After a month, I’ve been at it long enough that the oak I’m working with has etched its' grain pattern into my head, so that when I close my eyes at night to sleep, or not sleep, its' heavy red figure dances up before me. The garage gets over ninety five by noon, it is my sanctuary. I’m lucky, building furniture, however it’s almost exactly six hundred miles from home. Just before this job, a friend gave me three albums by a band named
People have been telling me about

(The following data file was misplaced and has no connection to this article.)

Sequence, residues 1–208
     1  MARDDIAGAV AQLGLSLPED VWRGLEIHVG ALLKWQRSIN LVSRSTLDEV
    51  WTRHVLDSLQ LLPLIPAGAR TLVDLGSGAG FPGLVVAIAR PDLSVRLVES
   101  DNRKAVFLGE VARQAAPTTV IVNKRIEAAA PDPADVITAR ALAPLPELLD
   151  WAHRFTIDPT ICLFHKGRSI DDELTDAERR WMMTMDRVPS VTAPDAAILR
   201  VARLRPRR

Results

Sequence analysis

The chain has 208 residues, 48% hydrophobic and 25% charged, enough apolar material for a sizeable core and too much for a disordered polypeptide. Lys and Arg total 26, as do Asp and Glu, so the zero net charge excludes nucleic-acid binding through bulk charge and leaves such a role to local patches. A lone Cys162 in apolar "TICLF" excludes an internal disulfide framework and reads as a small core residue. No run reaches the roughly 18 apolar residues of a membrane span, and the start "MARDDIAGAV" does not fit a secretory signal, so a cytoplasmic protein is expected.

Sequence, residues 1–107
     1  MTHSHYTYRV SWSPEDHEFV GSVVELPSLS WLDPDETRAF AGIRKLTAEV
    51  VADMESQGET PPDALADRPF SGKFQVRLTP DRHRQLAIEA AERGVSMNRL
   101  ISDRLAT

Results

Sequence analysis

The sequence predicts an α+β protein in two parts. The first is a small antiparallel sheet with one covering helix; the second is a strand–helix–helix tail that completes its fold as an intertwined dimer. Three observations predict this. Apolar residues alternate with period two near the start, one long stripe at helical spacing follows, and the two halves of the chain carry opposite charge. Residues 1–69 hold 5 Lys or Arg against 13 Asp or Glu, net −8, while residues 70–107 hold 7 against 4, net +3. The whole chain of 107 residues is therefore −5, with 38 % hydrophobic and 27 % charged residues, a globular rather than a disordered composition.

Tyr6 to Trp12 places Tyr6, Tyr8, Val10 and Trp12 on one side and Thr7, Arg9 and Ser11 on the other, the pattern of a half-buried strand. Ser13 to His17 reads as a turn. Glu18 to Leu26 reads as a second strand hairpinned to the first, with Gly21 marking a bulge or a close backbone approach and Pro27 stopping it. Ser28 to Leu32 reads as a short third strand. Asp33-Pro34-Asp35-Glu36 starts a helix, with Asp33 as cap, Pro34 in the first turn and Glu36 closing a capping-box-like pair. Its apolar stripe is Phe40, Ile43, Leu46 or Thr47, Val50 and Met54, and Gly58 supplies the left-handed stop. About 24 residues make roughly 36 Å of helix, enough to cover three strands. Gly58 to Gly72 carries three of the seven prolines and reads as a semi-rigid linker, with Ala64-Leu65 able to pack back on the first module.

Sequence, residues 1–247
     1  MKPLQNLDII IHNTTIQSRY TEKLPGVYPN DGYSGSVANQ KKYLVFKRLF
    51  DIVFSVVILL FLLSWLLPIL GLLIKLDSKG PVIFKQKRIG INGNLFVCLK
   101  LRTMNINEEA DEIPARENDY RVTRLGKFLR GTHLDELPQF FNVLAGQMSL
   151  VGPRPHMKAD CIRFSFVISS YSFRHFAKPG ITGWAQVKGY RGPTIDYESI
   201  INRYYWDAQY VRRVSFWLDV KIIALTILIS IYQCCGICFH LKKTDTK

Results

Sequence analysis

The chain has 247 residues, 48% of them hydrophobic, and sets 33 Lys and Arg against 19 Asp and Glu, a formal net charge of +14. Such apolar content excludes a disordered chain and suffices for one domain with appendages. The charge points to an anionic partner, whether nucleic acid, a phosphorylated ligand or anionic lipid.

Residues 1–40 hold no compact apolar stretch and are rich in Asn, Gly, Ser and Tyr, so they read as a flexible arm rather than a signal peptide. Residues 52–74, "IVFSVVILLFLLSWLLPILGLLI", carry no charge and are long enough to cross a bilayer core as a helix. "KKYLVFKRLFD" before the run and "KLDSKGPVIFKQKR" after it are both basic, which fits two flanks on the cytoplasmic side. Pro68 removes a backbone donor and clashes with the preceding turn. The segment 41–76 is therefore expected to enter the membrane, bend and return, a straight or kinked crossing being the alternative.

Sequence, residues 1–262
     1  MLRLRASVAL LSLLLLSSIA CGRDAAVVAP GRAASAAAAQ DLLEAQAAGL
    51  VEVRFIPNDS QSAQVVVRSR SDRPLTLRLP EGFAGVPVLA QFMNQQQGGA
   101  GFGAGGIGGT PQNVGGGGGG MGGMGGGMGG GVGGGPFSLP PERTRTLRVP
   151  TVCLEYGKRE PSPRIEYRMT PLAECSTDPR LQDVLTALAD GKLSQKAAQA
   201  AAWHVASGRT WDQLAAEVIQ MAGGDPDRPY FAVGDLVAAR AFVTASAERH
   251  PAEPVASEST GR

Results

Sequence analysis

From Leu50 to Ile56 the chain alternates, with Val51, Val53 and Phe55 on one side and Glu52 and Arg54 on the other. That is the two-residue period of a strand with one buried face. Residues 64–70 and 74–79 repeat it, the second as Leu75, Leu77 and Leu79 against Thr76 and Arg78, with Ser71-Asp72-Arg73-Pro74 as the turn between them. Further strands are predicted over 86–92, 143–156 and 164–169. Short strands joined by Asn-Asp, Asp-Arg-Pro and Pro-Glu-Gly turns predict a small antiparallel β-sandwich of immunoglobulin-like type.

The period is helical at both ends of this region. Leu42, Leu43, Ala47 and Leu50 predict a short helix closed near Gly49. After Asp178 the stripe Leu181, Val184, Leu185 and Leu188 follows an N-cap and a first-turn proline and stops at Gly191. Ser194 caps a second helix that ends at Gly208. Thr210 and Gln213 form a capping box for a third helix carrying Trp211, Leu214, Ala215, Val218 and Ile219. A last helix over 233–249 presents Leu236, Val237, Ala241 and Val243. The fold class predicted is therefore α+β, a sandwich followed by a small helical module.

For the better part of a month the song that encourages me most is one called Hym, the last on their second album, Oceanic, and it sounds to me like exactly that, a hymn. It ascends, it climbs and then it breaks. One day I’ve had it, homesick and covered in sweat, so I turn this song up as loud as I can take it and walk out into the sun and the heat. Daydreaming, I imagine the group set up on a hill near sunset playing at the foot of a mountain range. They are playing music at the mountains. The guitars wind around each other. The sound the singer makes is less like a roar than usual. It sounds as though he is howling at God. This is what has not changed since our adolescence; the thing most rooted in this music is pain.